Bereft of Cazorla, Wilshere and Rosicky last season, Özil was the team’s lone conjuror and it showed. This is why a decent, but hardly vintage player like Joel Campbell and a promising, yet raw talent like Alex Iwobi looked so accomplished last season. They added a sprinkle of creative diversity to a team low on imagination. Again, I think Arsenal need to import more creativity via the transfer market. I have thought so for some time.

The numbers show you that Arsenal squandered too many chances last season, but I also think that was due, in part, to frenzied build up play. There was often an air of desperation by the time the ball did eventually reach the penalty area that saw the forward snatch at the chance once it arrived. When Danny Welbeck finished a slick passing move at Goodison Park in March, it immediately stoked my powers of recall. “Oh yeah,” I thought to myself, “that’s the kind of goal that Arsenal used to score. I’d forgotten what they were like.”

(Very) broadly speaking, there are three methods of defending. Adopting a man for man approach and matching up with your opponents; pressing opponents when they have possession and forcing them into rash decisions with the ball, or defending space. Largely, Arsenal opt for the latter, though recent purchases of the likes of Gabriel, Xhaka and Elneny suggest that Arsene would like to become more of a pressing team.

He began to favour Gabriel over Mertesacker towards the end of last season, as the team was increasingly staffed with players that like to press- Welbeck, Iwobi, Alexis, Ramsey, Coquelin, even Monreal. The issue is that, whether marking space or pressing opponents, Arsenal’s defence do not get enough support. The unit does not take its off the ball duties seriously enough and the work rate in the defensive transition phase from the midfielders and forwards is still insufficient.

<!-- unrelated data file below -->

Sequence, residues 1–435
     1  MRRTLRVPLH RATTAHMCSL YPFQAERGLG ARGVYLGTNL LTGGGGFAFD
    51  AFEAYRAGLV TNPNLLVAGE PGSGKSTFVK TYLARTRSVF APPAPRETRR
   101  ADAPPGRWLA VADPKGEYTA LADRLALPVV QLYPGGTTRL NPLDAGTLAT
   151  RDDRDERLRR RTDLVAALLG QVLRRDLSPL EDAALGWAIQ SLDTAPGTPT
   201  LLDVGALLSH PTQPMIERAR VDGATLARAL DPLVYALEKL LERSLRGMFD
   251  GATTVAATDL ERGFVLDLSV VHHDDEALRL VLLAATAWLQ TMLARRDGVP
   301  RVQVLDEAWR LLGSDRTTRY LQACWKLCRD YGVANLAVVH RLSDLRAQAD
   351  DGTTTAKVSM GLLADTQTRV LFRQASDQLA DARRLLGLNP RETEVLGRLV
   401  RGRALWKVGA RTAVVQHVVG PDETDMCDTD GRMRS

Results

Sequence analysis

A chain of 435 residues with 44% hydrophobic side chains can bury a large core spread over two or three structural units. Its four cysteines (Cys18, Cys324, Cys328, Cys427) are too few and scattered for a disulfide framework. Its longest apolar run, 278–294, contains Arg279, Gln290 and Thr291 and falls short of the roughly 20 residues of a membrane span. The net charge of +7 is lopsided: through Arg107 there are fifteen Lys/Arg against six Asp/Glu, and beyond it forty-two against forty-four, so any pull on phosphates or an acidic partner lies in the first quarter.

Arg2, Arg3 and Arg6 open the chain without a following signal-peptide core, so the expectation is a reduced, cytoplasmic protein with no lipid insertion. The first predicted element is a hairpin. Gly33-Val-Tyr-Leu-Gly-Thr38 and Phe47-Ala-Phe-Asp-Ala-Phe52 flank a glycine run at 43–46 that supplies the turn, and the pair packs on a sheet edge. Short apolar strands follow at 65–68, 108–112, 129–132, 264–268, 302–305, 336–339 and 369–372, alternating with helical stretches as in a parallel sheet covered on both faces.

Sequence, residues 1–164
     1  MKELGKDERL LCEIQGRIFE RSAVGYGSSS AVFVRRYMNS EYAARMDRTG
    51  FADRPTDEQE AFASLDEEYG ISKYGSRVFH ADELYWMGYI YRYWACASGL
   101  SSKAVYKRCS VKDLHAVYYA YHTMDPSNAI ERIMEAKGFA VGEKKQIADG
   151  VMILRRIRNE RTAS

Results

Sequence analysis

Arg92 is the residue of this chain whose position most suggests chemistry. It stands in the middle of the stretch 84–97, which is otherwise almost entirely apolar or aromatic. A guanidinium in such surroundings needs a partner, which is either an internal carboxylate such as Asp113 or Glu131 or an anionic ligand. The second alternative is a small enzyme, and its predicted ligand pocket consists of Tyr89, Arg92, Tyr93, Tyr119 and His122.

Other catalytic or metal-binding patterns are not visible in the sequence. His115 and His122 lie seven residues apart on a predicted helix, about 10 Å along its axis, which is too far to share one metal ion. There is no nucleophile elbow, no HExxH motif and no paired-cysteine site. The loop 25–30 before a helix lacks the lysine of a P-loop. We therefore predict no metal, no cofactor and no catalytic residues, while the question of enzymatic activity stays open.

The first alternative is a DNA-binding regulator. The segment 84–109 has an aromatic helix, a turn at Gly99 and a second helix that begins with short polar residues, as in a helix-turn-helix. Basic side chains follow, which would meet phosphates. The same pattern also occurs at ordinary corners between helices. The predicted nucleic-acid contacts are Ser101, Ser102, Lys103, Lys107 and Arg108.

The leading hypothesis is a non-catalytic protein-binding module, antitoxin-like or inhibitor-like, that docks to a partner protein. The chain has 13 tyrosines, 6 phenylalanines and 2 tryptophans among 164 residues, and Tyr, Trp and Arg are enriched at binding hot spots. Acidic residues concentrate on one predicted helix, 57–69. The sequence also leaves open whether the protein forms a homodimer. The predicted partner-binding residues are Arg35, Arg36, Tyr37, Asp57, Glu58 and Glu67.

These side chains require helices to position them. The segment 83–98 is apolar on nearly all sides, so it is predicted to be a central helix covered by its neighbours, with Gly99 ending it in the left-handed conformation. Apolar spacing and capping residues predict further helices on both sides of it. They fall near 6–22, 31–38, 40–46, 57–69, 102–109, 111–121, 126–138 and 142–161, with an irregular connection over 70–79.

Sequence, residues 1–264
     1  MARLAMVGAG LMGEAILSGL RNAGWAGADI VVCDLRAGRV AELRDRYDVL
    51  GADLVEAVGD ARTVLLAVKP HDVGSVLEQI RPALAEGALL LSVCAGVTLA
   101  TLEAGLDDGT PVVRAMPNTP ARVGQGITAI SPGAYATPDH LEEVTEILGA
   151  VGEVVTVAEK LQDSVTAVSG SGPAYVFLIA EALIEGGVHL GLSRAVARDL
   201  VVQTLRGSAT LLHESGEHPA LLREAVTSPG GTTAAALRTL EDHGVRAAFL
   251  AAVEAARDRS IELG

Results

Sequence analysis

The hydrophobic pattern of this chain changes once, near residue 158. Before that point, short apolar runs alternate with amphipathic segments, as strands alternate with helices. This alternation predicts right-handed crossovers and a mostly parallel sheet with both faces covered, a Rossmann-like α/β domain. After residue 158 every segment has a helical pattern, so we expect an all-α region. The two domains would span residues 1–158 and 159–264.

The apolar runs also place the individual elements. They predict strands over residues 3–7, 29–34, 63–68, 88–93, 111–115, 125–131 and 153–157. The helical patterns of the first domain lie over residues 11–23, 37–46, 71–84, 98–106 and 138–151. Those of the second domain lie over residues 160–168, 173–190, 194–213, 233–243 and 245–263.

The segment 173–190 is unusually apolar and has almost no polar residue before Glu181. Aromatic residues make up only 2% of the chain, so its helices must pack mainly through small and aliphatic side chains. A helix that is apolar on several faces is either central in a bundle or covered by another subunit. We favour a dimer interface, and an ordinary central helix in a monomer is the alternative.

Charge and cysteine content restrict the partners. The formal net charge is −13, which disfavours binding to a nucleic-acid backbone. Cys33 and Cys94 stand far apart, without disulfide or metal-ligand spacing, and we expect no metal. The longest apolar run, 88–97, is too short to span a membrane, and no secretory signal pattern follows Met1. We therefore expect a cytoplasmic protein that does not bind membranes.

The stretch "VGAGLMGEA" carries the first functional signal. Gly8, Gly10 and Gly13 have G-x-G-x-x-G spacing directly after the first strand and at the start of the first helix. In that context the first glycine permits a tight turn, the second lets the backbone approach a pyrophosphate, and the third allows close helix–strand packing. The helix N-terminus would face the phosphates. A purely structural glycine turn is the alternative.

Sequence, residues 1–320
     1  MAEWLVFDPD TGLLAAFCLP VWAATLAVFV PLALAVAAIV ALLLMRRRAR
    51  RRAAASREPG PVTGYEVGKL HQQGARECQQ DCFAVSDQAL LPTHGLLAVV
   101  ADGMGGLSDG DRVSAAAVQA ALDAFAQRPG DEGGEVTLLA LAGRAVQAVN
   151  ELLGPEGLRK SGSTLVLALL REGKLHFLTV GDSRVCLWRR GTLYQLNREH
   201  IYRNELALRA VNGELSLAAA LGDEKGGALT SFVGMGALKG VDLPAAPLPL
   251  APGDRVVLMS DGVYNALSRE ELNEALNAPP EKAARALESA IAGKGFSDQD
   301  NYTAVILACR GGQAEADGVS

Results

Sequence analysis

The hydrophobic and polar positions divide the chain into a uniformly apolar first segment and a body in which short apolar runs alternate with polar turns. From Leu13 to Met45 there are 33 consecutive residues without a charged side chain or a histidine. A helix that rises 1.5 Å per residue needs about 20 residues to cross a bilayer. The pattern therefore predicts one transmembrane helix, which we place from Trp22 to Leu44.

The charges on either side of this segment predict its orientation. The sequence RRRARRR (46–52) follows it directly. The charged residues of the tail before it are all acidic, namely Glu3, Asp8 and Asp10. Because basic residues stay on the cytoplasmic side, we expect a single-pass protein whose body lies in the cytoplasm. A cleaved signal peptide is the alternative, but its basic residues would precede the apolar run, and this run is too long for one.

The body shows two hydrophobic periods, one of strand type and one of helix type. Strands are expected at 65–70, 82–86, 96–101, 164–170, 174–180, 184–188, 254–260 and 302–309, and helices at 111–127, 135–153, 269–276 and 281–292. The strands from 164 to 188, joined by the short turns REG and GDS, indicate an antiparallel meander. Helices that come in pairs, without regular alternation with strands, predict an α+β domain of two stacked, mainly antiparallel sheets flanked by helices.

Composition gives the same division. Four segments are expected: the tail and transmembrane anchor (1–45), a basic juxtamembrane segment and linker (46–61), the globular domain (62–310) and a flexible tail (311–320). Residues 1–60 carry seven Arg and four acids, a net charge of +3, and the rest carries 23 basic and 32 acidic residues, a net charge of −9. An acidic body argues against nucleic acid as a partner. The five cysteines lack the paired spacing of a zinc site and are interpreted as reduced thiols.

How many otherwise very good centre halves are going to come to Arsenal and have their reputations sullied before people make the connection? Centre backs that succeed for their national sides and for every other club that they represent struggle in N5 and N5 only, yet so few seem to join the dots. I am, largely, happy enough with the personnel in Arsenal’s back 5 (though Per’s injury alters that satisfaction a little). The team need to reinforce its attitude towards defending and coalesce with the back line first and foremost. Defending should be considered everyone’s responsibility.

For the love of all that is good Arsenal, when you are mounting a promising attack and an opposing player mysteriously crumples to the turf under little or no contact, please STOP GENTLY ROLLING THE FUCKING BALL OUT OF PLAY! Stop helping your opponents to waste your time. The referee decides whether or not to stop the game for an injured player. It’s very, very annoying when one of our precious little lambs apologetically submits to blatant gamesmanship. It’s unnecessary and it makes me want to rip off my arm and throw it on the pitch.

In all seriousness, Arsenal does need a healthy dose of cynicism. I suspect the purchase of Xhaka and the pursuit of Jamie Vardy formed part of a deliberate attempt to up the bastard quota in the squad. I am not suggesting that Arsenal morph into a pack of cheating toe rags, but at the moment we are positioned somewhere closer to the ‘Corinthians Over 65 Charity XI’ on the bastard scale. Cynicism in a football team is a bad master, but a good servant.

Being nice does not even seem to impress officials. Arsenal were awarded only 2 penalties in last season’s Premier League (Jamie Vardy won 7). In the North London derby in February, Coquelin was (deservedly) sent off, whereas Eric Dier, one of the league’s more cynical players playing for the league’s most cynical team, was afforded the benefit of the doubt for a pair of comparable offences. Like it or not, the psychology of officiating is important. Being nice boys is a handicap and marginal gains are a precious currency in the 21st century Premier League.

Follow me on Twitter @Stillberto